In the case of the part of the New Doctoral Training Centre for Advanced Metallics Diploma in personal & Professional Skills, clear Aims and Objectives were set, assessment that was aligned with these objectives, feedback, multi-based learning, student based learning, action learning, peer learning, continuous assessments, personal portfolios, mini-research projects, public engagement projects, a Science & Engineering in the Media intensive 3 day course, and other pedagogical tools came into play, were tried and through iteration the Diploma developed since its conception to a flexible training product that can adjust itself as we are progressing. Although the aims and objectives are clearly set out to be educationally sound and compatible with the award of the Diploma, we have inserted enough flexibility in the ways we are to achieve them and the ways we can assess and verify that they are being achieved, to the satisfaction of our external assessor.

Z. Bauman [2] likens the delivery of education to an intelligent missile. He states that ballistic missiles are ideal for positional warfare, i.e. when the targets do not move, but when the targets are invisible to the gunner, faster than missiles, erratic, unpredictable, then one needs an intelligent missile that constantly updates and corrects its position and trajectory and even chose its target as it goes. This relates well to my flexible curriculum concept that relates to the fact that students learn as they go but also should have the ability to forget or change their minds about what they are learning and shape their learning to new contexts and circumstances; information “ages” rapidly and knowledge is disposable and if no longer needed can be thrown away, forgotten or replaced.

Surprising unexpected things lead to great discoveries; new things are not found by walking along a precisely defined path, things just happen and the key is their connection to the existing whole by the inquisitive, prepared, fertile and flexible mind of an observer that does not hinder his/hers imagination. It is the ability to discern the opportunities, disassemble, re-arrange them and create something new that we are trying to nurture in our students. This is what we believe means to be enterprising; it’s a way of life.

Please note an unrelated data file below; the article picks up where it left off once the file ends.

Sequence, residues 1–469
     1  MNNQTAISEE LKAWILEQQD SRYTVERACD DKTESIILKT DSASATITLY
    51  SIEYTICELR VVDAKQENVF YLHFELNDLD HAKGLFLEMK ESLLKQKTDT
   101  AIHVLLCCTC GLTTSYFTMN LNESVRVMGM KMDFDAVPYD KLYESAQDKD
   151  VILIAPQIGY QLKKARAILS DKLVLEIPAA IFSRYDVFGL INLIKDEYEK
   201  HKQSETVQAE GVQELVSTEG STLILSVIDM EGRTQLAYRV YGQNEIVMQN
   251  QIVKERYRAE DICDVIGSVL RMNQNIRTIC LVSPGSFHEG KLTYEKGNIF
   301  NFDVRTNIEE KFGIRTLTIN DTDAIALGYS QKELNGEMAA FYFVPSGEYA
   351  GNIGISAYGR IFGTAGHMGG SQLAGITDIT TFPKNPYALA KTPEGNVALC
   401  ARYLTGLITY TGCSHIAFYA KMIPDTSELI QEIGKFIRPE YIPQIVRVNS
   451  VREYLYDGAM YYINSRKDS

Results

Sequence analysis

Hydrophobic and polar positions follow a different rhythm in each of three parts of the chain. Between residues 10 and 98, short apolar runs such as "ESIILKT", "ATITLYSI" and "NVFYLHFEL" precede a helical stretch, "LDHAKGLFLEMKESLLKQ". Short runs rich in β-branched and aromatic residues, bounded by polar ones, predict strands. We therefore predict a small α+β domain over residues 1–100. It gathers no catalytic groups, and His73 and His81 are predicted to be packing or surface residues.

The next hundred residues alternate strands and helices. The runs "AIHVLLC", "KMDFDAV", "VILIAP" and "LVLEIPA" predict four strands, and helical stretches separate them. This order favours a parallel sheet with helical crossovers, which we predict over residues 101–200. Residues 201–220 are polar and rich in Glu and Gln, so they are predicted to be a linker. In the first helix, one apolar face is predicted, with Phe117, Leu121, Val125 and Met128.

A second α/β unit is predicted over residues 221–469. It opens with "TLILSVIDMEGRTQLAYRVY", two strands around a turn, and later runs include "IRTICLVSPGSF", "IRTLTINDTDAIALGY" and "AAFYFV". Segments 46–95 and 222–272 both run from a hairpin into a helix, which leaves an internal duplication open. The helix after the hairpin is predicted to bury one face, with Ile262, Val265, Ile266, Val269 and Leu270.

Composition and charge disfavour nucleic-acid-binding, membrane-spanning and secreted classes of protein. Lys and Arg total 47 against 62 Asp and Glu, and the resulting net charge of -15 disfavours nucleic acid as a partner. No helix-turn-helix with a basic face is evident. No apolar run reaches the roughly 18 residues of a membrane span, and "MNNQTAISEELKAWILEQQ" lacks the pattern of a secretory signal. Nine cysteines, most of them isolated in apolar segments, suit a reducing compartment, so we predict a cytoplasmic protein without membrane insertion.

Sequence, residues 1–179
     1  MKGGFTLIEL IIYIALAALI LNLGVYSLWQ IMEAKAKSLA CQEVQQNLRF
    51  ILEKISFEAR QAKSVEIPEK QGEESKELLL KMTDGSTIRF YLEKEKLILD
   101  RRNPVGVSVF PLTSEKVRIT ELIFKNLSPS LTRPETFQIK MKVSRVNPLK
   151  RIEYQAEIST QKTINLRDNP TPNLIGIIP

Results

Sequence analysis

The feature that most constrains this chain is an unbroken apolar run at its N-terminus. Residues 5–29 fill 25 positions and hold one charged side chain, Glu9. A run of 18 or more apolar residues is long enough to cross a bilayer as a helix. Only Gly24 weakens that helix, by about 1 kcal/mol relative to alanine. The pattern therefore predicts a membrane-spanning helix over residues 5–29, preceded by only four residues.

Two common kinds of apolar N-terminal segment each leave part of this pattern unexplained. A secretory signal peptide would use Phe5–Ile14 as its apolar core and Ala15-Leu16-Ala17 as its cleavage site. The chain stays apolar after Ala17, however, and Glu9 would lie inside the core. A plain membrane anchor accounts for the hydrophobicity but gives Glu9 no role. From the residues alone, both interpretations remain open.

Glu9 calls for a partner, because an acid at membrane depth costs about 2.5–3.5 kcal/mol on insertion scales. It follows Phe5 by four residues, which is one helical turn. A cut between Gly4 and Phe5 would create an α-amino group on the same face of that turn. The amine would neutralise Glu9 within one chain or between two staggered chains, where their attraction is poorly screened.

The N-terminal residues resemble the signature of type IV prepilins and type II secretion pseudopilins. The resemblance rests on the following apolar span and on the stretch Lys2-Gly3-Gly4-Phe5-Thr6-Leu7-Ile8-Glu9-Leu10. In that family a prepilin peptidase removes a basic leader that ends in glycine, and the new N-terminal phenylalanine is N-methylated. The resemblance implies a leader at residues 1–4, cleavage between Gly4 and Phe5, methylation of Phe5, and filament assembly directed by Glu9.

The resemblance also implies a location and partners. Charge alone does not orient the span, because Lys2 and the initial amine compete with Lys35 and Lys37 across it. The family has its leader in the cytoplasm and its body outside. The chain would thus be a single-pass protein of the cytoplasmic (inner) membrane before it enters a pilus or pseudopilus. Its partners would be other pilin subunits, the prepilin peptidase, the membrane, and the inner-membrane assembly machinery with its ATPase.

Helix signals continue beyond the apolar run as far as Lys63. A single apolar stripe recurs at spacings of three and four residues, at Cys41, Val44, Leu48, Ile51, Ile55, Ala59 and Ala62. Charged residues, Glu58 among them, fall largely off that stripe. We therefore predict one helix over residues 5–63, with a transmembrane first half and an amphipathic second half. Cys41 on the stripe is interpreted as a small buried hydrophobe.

We see the Diploma as an educational experiment; a paradigm shift from the traditional engineering modes of teaching and learning. Of course any educational innovation carries risks associated with it, especially the reaction of students that have been used to the traditional teaching and learning approaches. This is being addressed by ensuring that the students are aware of the why we take the approaches we take, by establishing a culture of trust and through active personal involvement motivating students intrinsically as they are part of a process and not passive bystanders.

2. Embedding Professional Skills through Realistic PBL

2.1. Linking Professional Skills to Professional Practice

After we delivered a number of transferable skills to our Doctoral Training Students during their Diploma in Personal & Professional Skills, we decided, as we believe that these skills are really learned if they are put into use, that it would make more sense if the students were put in a position that they will have to use these skills under conditions that they will face in an industrial setting. With this in mind we approached a number of SMEs who were prepared to have a go with us and we discussed if they would like to provide small groups of our students with problems that they currently had and they would like solved. Once we formalized the projects we split our 3rd year CDT cohort into 3 groups of 5 - 6 students and these were given minimal information and were sent to their respective SMEs to be told what problem they would have to tackle in the time of two working weeks. The students had access to facilities and resources from both organizations but they had to figure out for themselves what needed to be done, by when, what resources they needed and what resources were available.

At the end of the two weeks the groups would have to present their solution(s) to the groups of their peers, the SMEs and the CDT academics. The result once again was a resounding success on all fronts. The students were totally engaged as they goy immersed in the problems they had to tackle. They quickly found out what needed to be done, who to get in touch with for information, which facilities they needed, where they were and how to access them. Teamwork quickly fell into place with members allocating roles and taking on appropriate responsibilities. Deadlines and managing your time were no longer concepts or statements on Power Point slides but were palpable targets to be met. Networking was put into practice, Motivation, Problem Solving, Project Management, Creativity, Conflict & Negotiation, Team Building, Communication, Presentation Skills, and each of the other skills that formed the core of the Diploma were used and were assimilated into the students conscience by the experience.